Alex Trebek was not happy.
The thirty-year host of the TV game show Jeopardy was hosting Kids Week on the program during the first week in December.
One of the contestants ended up $1400 in the red, and according to show rules, she couldn’t compete in Final Jeopardy.
Trebek said to the girl: “We have bad news for you, because you’re in a negative situation, it means you won’t be around for Final Jeopardy, but you’ll automatically pick up $1000 for a third place finish.”
The girl was visibly upset and ran backstage.
The girl’s mother later wrote a letter to Sony, the show’s producers: “If he had taken the time, he would have known, like you do, that my daughter is not a sore loser, and does not become emotional solely over losing a game,” she wrote. “She was upset about not being able to completely play the game to the end… I don’t think I’ll ever forgive him for that.”
Trebek was accused of not making a credible effort to make the girl feel better and was asked to re-tape the moment right before the girl became upset and ran backstage.
Pastors go through this stuff all the time.
During my first pastorate, I was reading William Manchester’s biography of General Douglas MacArthur called American Caesar. I discovered that I knew next to nothing about MacArthur or his accomplishments … like writing Japan’s constitution after World War 2 ended.
During one sermon, I selected an illustration from the book, a story where the Americans won and the Japanese lost.
A young couple attended our church. The wife was Caucasian … and her husband looked Caucasian.
His wife later told me that he was part Japanese, part Caucasian … and that because of my story, he probably wouldn’t be coming back to the church.
How could I know that he was part Japanese … and how could I know that my story might offend him?
From the beginning of my pastoral ministry, I wrote out my sermons word for word, and then discarded my manuscript as much as I could.
I realize this style isn’t in fashion nowadays because congregations expect their pastors to speak without notes.
But one reason I chose to write out my messages was because I had time to think through how to say what I wanted to say so I would offend the fewest possible people.
But just like Alex Trebek, a pastor never knows when he’s going to say something offensive … or who is going to be offended.
My wife runs a preschool in our home with about 25 kids attending at various times. She can say the exact same thing in the same way to 24 kids and they’ll comply, but the 25th child will burst into tears.
Should she then aim her directives toward the 24 kids or the one kid who is overly sensitive?
And should a pastor speak to the congregation as a whole or change his language so some people won’t be offended?
I once heard Bill Hybels from Willow Creek Church say that about 15% of his congregation might be classified as dysfunctional, while the other 85% were pretty healthy people. (This was at least twenty years ago, so the percentage of dysfunctional people might be higher now.) Hybels believed that a pastor should direct his message toward the 85% and direct the 15% toward counseling.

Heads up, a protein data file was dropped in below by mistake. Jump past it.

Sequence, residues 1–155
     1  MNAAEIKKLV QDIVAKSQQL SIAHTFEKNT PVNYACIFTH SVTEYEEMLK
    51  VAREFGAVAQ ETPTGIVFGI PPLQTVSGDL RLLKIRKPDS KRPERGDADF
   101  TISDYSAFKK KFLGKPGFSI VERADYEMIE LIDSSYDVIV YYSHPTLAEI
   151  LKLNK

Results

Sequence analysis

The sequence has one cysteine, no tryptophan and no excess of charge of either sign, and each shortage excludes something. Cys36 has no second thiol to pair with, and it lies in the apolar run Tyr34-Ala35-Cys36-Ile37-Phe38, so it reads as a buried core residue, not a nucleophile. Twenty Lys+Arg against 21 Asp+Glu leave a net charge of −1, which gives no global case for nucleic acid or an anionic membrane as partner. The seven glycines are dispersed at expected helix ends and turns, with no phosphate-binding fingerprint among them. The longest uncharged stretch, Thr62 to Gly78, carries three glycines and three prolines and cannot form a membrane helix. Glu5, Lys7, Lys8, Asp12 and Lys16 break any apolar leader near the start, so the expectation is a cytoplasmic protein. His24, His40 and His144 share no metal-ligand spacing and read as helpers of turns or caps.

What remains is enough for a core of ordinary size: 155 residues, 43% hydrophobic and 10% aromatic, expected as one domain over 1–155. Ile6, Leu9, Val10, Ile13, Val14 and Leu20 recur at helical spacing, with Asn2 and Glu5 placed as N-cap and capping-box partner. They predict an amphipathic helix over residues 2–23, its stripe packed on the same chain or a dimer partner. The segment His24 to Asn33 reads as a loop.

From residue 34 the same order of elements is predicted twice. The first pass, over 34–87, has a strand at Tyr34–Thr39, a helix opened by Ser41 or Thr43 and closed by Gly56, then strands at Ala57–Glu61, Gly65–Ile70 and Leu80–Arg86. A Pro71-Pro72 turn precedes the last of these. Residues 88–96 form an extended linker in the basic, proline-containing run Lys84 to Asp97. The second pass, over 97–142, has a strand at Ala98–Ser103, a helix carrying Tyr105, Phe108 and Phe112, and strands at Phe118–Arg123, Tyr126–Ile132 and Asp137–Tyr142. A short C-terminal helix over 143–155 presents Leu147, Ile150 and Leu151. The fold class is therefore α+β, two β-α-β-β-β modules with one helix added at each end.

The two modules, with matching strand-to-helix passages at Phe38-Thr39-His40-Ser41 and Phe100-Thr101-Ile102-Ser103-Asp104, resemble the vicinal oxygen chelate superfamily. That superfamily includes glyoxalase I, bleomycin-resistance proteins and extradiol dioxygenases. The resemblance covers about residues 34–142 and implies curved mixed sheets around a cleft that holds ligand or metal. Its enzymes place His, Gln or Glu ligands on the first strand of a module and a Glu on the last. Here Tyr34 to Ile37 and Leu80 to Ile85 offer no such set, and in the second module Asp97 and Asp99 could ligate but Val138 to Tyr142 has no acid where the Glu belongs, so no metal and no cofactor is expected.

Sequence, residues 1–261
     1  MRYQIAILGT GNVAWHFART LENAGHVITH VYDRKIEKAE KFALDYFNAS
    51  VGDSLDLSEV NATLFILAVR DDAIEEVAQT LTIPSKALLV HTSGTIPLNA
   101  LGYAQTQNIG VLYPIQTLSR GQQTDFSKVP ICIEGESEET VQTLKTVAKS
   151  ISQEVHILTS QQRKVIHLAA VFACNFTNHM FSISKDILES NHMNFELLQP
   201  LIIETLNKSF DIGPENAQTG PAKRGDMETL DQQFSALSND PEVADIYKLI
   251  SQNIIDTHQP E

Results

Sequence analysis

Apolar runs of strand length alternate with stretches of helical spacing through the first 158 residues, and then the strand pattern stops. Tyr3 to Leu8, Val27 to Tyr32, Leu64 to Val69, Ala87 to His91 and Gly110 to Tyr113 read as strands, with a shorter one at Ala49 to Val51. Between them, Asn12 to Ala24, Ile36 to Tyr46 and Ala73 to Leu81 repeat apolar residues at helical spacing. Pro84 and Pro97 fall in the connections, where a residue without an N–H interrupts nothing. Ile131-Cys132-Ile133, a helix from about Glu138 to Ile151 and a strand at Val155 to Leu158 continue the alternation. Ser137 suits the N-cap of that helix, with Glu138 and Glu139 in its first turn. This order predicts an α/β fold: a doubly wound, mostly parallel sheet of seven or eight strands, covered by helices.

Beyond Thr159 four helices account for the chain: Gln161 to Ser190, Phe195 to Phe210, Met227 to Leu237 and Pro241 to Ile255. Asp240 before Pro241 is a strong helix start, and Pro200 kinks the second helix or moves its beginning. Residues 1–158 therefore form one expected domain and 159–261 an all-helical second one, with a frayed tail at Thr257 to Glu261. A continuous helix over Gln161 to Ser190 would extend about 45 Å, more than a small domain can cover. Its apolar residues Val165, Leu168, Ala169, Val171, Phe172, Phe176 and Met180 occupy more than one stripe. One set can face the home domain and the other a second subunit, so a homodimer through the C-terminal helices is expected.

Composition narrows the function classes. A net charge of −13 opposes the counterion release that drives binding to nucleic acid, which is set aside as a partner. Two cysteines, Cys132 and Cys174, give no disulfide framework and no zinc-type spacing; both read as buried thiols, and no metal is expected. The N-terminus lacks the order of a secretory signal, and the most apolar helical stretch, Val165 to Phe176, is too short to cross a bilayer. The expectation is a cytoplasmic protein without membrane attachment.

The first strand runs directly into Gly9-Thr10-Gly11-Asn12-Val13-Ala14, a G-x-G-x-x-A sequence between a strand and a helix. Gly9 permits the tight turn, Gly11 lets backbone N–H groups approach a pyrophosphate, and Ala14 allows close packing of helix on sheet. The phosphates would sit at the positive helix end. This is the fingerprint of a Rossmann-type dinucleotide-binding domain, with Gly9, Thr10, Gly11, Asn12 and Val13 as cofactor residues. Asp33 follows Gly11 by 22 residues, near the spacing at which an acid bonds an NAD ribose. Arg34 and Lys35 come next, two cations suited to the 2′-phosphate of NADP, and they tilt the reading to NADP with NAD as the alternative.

How does that sound to you?
Pastors have two choices when it comes to preaching: they can speak in a politically and emotionally correct way … in which case they won’t say much at all … or they can be themselves before God and just let it fly.
But it’s not just up to the pastor, but up to the church board as well.
If the church board backs the pastor’s right to say whatever he wants before God … even if some don’t always agree with him … that pastor’s ministry can flourish.
But if the board demands that the pastor speak in such a way that he doesn’t offend the wrong people … that pastor’s ministry may not succeed because he’ll always wonder if he’s offending somebody by what he says.
During my last ministry, I said something in a message that really upset one couple. They complained to the church board and wanted my head.
The board chairman listened to a recording of my message, felt I didn’t say anything wrong, and told the couple just that.
They didn’t stop their crusade against me until they left the church … livid … but I felt supported, and free to continue to say whatever God wanted me to say.
In the end, Alex Trebek wrote the following words to the show’s producers: “If you all think I should retape the opening, I will. But I want to say that for 30 years I’ve defended our show against attacks inside and out. But it doesn’t seem to operate both ways. When I’m vilified, corporate (and certainly legal) always seems to say ‘don’t say anything and it’ll blow over,’ and I’m not feeling support from the producers, and that disappoints the _______ out of me.”
As a former pastor for 36 years, I understand where the Jeopardy host is coming from.
When you’re attacked, if you sense support from those you account to, you’ll forge ahead with greater confidence and boldness.
But if those you account to collapse on you when you’re attacked, your morale will plunge, and you’ll start looking for a way out … which is why Alex Trebek ended his statement by saying, “Maybe it’s time for me to move on.”
My favorite verse on preaching is John 1:17: “For the law was given through Moses; grace and truth came through Jesus Christ.”
Fundamentalists focus on speaking the truth … but often without grace.
Liberals focus on speaking with grace … but usually have little to say.
But biblical pastors prioritize truth in content … and grace in presentation.
And those are the ministries that make it to Final Jeopardy.